It’s not always easy explaining to your family what you do for a living; less so when it involves cannabis and the law. Fast-forward a few years, many controversial dinner conversations, and one of my family members was diagnosed with peripheral neuropathy[1]. The phrase, “You can’t be serious” was used more than once when I suggested there was credible research that supported cannabis use for the type of pain they were experiencing. Internet research regarding “conventional treatment” options began and my family was shocked when our local doctor recommended considering cannabis as a potential alternative. This recommendation started a new dialogue. Our family discussions then turned to, myth-debunking sessions, and, “well, I heard this…” about cannabis.

It made me realize that many people, who discuss cannabis, do not have a firm grasp on what it really is or what “cannabinoids” are. It also made me realize that there is a wealth of information out there from seemingly credible sources that may paint a skewed picture (in both directions) of this emerging field. In this series of posts, I plan on “cutting through the weeds, instead of beating around the bush” to explore and tackle questions that repeatedly surface when dealing with our clients. Without further ado, we will begin with the basics and build from there.

What Are Cannabinoids?

To many cannabis is simply: “marijuana”, “pot”, “weed”, “the devil’s lettuce”, or any other myriad of creative names. It is a vilified drug that belongs back in the Woodstock of old — but the reality, is there is much more than that; the term “cannabis” is actually the genus of flowering plants in the family “Cannabaceae”. Some of you will be shocked to find out that your favorite brew is formed from a close “cousin” in the same family as cannabis — hops. Even more surprising, your body not only has receptors for the molecules in cannabis, but naturally produces endocannabinoids[2].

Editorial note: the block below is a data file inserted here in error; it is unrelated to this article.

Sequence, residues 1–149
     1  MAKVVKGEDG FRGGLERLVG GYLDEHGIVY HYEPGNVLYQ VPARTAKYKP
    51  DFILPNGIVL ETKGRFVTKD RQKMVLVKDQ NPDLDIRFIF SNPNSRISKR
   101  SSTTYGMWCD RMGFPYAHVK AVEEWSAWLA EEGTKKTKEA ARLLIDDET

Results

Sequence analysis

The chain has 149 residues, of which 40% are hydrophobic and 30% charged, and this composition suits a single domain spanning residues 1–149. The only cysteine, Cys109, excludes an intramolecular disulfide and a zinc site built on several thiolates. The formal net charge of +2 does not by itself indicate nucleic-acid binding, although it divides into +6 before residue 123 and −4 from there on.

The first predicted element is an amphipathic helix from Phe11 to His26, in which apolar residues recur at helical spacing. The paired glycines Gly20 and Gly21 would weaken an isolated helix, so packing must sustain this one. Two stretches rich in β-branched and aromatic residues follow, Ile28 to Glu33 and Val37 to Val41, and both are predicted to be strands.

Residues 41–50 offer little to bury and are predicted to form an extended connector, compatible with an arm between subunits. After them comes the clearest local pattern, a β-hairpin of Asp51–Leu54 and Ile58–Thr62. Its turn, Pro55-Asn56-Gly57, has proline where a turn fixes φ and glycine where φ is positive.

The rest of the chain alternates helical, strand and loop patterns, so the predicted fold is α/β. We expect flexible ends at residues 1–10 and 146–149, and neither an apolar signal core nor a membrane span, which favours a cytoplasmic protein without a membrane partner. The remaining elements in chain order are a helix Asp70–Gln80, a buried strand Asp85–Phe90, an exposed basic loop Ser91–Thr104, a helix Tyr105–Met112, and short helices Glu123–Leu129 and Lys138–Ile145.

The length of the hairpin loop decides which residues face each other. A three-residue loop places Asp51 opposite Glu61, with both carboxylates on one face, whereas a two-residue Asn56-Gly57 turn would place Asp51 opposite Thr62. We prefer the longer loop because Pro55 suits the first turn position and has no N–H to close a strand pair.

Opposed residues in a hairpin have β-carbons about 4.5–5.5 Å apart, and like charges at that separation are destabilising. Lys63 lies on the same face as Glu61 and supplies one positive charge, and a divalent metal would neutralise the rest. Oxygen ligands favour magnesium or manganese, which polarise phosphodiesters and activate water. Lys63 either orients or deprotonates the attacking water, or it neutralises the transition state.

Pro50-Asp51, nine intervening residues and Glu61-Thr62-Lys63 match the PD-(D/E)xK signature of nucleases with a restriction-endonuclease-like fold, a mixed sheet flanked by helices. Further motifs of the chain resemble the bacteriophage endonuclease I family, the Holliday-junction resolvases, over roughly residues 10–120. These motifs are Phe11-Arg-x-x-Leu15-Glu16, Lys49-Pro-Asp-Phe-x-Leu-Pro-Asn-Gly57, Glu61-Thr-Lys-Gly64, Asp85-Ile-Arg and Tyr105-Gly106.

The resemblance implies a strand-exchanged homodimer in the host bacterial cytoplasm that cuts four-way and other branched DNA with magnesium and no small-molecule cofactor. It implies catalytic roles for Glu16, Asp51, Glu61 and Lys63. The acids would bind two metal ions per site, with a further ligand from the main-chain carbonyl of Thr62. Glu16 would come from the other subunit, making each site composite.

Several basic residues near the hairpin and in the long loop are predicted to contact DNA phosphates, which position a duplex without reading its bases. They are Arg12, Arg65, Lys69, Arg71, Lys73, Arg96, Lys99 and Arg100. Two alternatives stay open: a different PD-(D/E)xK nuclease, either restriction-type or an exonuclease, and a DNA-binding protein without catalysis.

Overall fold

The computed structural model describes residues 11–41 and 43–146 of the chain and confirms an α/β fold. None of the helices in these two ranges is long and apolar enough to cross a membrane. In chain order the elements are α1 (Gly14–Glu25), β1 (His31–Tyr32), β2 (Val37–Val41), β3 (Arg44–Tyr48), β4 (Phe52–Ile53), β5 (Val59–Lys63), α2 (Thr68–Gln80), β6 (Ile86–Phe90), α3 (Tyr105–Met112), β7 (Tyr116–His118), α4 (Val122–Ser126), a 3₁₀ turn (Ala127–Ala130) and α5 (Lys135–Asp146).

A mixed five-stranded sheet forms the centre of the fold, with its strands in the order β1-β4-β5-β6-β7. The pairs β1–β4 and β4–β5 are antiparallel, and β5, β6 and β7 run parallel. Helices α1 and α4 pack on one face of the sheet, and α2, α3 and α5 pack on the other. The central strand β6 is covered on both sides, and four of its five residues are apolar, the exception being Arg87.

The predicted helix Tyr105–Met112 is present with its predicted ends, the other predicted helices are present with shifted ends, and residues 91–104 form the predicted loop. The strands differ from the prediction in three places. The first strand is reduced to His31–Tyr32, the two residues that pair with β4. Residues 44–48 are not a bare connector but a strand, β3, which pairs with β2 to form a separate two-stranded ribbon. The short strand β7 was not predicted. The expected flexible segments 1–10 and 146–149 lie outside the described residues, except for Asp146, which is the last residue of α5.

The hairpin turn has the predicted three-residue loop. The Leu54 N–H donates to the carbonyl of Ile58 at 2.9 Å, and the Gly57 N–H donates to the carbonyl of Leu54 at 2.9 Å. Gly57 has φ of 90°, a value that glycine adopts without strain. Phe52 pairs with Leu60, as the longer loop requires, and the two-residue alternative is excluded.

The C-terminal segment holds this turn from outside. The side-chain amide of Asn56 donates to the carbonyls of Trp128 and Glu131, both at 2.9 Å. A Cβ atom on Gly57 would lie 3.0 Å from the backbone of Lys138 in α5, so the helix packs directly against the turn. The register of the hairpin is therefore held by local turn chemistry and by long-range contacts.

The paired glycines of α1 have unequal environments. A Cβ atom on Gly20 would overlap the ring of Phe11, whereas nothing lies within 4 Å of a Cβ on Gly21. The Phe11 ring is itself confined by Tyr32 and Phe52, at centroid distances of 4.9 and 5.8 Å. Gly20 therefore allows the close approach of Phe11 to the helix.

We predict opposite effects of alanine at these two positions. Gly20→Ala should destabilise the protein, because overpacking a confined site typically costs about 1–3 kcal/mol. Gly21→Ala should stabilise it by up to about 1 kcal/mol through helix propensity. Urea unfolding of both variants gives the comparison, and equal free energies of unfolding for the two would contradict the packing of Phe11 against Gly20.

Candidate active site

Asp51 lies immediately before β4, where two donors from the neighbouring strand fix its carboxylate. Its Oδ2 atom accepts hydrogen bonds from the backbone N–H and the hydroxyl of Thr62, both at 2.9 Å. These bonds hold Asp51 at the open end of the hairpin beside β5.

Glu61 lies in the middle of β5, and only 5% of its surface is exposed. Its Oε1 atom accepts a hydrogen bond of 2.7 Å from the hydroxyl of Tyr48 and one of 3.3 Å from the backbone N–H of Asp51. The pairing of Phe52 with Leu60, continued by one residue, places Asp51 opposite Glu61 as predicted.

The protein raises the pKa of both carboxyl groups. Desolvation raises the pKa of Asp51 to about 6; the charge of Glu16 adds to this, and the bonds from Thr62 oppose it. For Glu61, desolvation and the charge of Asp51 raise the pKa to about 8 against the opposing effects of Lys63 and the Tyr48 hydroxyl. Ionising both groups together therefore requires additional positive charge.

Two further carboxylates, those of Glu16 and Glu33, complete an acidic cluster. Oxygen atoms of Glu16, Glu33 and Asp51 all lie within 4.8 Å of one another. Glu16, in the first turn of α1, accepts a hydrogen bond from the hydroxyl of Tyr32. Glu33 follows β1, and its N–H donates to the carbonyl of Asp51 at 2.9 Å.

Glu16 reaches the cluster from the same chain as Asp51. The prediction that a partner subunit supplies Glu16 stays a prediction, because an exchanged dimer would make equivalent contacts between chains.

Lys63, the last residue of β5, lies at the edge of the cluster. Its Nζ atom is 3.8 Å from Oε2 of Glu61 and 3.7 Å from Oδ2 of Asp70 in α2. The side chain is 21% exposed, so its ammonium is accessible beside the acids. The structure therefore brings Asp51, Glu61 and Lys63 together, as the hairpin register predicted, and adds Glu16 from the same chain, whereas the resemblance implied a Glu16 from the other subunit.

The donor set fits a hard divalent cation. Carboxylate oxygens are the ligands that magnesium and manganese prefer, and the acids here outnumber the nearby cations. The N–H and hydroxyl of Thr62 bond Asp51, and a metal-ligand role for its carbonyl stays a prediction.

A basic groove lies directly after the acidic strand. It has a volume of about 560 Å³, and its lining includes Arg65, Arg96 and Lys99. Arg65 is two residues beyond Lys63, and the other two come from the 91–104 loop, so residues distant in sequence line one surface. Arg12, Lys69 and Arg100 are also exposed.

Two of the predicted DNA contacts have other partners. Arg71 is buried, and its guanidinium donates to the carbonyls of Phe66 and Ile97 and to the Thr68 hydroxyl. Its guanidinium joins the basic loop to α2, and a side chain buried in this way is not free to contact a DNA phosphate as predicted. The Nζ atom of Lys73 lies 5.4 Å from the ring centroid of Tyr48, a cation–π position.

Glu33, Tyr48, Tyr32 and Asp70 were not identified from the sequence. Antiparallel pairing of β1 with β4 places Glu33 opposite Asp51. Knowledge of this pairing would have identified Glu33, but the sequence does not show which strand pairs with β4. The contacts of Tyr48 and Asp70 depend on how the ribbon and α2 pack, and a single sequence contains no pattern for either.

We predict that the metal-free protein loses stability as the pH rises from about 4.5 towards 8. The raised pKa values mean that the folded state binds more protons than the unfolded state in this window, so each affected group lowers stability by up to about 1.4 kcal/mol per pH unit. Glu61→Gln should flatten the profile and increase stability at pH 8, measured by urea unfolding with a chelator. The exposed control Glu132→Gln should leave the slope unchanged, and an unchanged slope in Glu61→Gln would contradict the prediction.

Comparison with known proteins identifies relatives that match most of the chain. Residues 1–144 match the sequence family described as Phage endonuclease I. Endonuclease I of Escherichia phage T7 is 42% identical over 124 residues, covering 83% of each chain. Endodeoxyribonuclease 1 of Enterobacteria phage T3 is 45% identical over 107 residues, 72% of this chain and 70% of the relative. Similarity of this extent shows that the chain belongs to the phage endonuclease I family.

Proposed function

Cannabinoids are a class of chemical compounds that act on cannabinoid receptors in the body that modify neurotransmitter interactions. At present, there are two known cannabinoid receptor types in the body in what is termed your, “endocannabinoid system”, CB1 and CB2 receptors. However, if you break down the plant, we can find over 70 different phytocannabinoids with potential pharmacologic activity. Human CB1 receptors are most densely concentrated in the brain and central nervous system. To a lesser extent, they are expressed in the peripheral nervous system. Conversely, studies have shown that CB2 receptors are predominantly influential in the peripheral nervous system but also present in the central nervous system.

Collectively, these receptors have been linked to activity in the brain, gastrointestinal system, pain and inflammatory response, cardiovascular activity, motor control, immune system, and peripheral nervous system.

Part two will cover the differences between the two most common components of cannabis —THC and CBD; what are they, what do they do, and how can they affect the body.